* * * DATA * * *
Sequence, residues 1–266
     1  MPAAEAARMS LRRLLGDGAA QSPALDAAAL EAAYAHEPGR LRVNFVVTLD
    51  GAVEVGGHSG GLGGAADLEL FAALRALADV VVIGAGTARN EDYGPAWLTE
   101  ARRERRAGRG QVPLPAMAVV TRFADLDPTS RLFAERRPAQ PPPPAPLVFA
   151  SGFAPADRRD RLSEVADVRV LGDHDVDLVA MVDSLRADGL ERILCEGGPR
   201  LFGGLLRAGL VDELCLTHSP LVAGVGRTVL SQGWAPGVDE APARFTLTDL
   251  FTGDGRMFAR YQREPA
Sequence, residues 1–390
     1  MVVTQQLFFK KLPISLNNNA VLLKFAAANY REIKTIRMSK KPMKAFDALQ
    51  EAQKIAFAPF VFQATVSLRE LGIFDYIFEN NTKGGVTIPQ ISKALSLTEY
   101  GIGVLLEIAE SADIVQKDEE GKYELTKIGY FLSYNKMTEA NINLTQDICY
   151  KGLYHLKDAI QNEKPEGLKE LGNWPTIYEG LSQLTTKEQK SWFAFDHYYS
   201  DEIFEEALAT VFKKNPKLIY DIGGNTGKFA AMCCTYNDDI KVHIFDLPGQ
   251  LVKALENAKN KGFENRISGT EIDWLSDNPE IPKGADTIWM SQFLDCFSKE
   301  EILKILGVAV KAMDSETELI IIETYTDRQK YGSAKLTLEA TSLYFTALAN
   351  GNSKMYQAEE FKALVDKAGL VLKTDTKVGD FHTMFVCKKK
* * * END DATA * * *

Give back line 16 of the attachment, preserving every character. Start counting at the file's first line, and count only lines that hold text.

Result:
   351  GNSKMYQAEE FKALVDKAGL VLKTDTKVGD FHTMFVCKKK